Page last updated at 13:13 GMT, Tuesday, 18 May 2010 14:13 UK

Blind and disabled Kent author loses cancer fight

Nicole Dryburgh
Nicole Dryburgh wrote two books and raised more than 110,00 for charity

A blind and disabled woman who wrote two books and raised thousands of pounds for charity during her 10-year battle with cancer has died.

Nicole Dryburgh, 21, from Whitstable in Kent, was diagnosed with a spinal tumour at the age 11.

Over the past few years she raised £74,000 for the Royal Marsden Hospital in south London and £43,000 for King's College Hospital, south-east London.

Ms Dryburgh died of a brain haemorrhage on Sunday.

She lost her sight at the age of 13 after having a brain haemorrhage as a result of cancer. She then lost the use of her legs.

'Inspired many'

Her mother Jackie and brother Lee, added: "Right up until Saturday, Nicole was happy and her usual upbeat self, planning her next fundraising event.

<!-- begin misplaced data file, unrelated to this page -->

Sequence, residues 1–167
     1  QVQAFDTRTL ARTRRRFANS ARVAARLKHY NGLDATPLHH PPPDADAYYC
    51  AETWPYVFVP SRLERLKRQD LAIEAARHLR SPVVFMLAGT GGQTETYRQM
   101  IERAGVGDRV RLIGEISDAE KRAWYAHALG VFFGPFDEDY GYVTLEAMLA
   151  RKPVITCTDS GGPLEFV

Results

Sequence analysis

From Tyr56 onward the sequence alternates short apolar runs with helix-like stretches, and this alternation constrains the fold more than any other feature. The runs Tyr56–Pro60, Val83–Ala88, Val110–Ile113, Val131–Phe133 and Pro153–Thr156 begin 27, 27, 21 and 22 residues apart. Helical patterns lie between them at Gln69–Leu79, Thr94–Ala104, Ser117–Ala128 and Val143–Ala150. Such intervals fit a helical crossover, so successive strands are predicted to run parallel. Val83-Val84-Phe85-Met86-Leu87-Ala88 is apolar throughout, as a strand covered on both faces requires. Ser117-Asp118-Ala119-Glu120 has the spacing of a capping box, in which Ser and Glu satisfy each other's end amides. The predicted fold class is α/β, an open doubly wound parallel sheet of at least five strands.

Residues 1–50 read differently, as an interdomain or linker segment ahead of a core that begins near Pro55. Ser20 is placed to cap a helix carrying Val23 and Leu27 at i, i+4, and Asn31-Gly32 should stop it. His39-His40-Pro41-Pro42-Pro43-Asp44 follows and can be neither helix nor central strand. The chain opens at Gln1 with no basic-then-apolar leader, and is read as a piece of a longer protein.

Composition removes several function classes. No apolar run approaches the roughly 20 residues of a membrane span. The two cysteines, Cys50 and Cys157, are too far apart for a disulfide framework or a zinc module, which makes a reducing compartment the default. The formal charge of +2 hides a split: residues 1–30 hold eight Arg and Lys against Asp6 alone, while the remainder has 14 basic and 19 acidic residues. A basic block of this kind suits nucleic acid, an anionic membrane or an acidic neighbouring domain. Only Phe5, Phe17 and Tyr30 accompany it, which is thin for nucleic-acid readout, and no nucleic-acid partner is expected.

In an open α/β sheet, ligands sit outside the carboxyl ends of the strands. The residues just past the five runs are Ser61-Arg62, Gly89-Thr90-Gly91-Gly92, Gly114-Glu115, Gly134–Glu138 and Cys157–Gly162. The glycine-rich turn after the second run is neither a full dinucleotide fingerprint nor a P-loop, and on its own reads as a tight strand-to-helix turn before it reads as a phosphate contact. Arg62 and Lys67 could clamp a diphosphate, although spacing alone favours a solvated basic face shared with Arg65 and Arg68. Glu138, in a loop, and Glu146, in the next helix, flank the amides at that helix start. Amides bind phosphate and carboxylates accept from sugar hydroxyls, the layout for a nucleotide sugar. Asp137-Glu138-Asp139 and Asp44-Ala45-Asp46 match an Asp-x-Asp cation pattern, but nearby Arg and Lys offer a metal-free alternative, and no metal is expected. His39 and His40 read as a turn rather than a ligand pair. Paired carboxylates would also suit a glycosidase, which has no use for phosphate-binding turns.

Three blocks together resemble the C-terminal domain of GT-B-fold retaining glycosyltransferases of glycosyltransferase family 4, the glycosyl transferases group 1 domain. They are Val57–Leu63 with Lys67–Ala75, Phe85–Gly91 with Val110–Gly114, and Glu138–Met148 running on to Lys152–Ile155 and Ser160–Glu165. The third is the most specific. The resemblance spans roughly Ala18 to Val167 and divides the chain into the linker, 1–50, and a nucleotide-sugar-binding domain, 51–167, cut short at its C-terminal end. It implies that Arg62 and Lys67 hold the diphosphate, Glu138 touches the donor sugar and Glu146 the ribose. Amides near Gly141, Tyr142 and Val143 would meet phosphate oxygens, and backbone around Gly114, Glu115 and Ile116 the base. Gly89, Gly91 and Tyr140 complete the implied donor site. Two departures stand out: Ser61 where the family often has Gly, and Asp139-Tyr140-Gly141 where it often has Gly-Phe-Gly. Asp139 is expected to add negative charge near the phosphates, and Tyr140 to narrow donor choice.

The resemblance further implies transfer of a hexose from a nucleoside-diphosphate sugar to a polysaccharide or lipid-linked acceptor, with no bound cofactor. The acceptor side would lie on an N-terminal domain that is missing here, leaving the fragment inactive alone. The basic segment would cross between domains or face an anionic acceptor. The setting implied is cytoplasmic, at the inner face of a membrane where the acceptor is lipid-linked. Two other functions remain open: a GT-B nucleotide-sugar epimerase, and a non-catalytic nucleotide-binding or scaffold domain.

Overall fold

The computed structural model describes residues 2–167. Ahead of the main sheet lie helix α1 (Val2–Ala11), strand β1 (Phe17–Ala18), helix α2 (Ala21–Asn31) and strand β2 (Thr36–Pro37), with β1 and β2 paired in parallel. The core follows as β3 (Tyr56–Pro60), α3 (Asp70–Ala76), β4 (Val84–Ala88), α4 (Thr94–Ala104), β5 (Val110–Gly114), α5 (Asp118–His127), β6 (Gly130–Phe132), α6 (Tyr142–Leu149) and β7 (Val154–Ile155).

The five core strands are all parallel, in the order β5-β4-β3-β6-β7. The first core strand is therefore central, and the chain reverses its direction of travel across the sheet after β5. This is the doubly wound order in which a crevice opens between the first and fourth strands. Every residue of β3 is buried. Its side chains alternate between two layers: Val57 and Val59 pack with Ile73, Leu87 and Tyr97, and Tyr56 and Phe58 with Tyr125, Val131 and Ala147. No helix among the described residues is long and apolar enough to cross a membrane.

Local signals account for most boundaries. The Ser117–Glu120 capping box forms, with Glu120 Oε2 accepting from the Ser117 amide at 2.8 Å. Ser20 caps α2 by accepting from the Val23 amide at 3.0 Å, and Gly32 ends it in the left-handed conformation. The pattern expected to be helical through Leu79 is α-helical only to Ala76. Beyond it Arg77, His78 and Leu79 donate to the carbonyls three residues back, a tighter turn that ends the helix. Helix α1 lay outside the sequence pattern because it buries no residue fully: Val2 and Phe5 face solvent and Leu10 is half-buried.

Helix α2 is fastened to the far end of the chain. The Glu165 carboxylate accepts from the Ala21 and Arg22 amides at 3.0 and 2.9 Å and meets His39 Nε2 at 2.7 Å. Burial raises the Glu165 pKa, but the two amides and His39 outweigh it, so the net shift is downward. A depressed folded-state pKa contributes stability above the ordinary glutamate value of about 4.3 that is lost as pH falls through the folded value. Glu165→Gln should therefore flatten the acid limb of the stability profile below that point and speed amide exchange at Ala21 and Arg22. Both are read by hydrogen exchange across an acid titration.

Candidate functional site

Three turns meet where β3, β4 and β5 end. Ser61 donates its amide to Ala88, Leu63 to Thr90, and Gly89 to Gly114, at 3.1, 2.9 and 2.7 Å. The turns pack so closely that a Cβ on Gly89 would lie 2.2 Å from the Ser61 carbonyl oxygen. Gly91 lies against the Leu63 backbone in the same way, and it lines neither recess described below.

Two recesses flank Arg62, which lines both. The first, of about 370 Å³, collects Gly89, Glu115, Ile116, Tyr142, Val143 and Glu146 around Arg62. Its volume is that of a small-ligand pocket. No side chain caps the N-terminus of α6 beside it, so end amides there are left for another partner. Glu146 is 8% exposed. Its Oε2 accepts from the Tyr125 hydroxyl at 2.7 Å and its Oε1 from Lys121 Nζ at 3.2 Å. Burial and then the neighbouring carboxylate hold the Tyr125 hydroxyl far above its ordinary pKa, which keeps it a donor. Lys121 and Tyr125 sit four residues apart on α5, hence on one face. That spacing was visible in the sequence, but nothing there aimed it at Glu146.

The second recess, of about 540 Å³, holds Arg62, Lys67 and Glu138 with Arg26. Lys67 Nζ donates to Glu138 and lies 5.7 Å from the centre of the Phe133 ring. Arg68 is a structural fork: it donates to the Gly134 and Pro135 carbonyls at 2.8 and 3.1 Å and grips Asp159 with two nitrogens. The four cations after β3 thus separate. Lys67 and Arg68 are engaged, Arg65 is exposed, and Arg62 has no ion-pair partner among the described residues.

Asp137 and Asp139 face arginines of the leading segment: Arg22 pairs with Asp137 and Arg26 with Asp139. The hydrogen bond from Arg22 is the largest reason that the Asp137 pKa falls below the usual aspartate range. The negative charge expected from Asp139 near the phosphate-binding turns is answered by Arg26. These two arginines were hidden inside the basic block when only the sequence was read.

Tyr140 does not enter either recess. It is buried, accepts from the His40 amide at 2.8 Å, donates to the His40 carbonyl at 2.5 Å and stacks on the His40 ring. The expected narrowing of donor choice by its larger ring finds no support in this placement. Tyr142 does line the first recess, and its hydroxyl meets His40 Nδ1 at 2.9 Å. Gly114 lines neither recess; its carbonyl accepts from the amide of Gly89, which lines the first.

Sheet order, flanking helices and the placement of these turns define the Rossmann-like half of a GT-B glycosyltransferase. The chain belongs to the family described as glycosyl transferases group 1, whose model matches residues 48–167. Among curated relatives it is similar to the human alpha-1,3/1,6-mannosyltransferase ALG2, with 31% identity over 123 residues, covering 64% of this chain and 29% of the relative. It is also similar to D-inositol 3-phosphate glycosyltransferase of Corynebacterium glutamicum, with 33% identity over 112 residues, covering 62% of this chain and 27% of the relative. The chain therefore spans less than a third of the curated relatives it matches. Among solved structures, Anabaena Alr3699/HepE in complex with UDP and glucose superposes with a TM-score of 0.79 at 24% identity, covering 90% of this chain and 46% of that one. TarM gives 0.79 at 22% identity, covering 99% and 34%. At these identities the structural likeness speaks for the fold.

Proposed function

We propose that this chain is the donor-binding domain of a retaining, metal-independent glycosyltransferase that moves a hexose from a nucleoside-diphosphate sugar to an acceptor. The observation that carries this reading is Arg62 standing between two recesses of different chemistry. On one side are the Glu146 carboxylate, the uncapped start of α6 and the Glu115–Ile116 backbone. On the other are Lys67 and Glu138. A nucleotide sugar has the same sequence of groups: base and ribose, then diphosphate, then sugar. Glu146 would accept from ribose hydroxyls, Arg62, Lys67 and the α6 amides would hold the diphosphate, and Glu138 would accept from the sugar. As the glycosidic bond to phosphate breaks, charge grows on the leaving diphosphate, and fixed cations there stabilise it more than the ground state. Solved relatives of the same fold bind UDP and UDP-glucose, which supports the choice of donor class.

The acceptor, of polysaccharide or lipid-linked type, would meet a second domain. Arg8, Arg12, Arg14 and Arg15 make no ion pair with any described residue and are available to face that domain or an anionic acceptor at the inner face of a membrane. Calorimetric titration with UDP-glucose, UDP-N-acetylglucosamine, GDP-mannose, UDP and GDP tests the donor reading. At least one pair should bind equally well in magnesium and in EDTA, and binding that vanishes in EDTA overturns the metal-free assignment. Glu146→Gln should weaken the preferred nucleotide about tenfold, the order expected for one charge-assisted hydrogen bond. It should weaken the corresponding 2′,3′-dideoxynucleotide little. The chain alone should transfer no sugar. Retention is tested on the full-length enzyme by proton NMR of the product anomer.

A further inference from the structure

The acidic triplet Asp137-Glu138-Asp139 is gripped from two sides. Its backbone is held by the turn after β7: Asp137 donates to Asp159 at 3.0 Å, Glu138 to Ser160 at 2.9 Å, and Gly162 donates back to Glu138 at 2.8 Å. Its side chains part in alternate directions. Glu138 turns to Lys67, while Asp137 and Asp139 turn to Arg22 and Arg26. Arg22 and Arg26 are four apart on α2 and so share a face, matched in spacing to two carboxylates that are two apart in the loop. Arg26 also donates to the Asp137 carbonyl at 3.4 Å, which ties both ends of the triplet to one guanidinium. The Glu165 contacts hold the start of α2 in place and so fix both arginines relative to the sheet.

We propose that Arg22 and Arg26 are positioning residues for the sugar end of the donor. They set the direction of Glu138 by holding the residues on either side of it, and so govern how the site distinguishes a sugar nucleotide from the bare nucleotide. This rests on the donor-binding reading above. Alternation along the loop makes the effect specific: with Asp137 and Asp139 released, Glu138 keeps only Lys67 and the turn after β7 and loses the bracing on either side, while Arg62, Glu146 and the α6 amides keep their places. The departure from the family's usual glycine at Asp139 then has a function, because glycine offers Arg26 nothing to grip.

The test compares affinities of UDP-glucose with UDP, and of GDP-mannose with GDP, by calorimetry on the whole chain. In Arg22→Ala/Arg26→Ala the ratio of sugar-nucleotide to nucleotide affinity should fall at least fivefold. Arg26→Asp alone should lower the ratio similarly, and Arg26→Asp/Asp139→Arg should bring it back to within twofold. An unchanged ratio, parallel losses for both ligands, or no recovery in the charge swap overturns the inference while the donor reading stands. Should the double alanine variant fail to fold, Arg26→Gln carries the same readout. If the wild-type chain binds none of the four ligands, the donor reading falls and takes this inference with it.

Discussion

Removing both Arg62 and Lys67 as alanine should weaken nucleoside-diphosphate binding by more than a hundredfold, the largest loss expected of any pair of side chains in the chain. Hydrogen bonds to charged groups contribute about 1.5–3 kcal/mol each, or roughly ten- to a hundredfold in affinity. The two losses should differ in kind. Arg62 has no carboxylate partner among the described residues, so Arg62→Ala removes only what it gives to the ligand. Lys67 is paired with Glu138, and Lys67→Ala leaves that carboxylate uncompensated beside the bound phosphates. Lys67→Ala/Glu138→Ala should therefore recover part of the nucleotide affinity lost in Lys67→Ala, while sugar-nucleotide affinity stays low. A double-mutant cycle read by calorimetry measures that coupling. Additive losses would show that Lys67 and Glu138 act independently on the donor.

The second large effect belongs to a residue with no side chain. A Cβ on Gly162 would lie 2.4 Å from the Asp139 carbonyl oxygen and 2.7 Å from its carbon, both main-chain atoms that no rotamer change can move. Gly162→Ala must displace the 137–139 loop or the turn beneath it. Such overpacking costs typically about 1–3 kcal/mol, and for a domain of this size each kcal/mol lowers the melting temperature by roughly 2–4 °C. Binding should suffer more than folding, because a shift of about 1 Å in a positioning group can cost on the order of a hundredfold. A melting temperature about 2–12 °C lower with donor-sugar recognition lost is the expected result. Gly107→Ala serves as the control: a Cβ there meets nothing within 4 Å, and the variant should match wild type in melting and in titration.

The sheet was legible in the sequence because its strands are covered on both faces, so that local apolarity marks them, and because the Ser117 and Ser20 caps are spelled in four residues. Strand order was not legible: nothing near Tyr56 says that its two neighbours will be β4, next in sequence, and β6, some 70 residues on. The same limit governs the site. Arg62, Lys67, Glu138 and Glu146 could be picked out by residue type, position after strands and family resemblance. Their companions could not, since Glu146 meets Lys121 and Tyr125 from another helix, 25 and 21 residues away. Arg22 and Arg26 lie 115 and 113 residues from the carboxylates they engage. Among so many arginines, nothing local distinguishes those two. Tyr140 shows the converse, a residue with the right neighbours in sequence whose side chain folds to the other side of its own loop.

"We are so proud of everything she achieved and the legacy she leaves.

"Nicole loved the glitz and adored the people she met along the way. Nicole's website and Justgiving page will remain open, true to her spirit."

A spokeswoman for her family added: "Nicole's extraordinary battle through cancer, losing the use of her legs, her hearing and her sight was fought with grace and humour and at her 21st birthday in February 2010 she celebrated three years in remission.

"Nicole's wit, enthusiasm for life and drive to change the lives of young people with cancer inspired many."

During her three-year period in remission she wrote two books, The Way I See It and Talk to the Hand, and received both the Diana Award and the inaugural Anne Frank/Miep Gies award.

The Nicole's Sweet paediatric neuro-rehabilitation unit on Lion Ward at King's College Hospital, is named after Ms Dryburgh.



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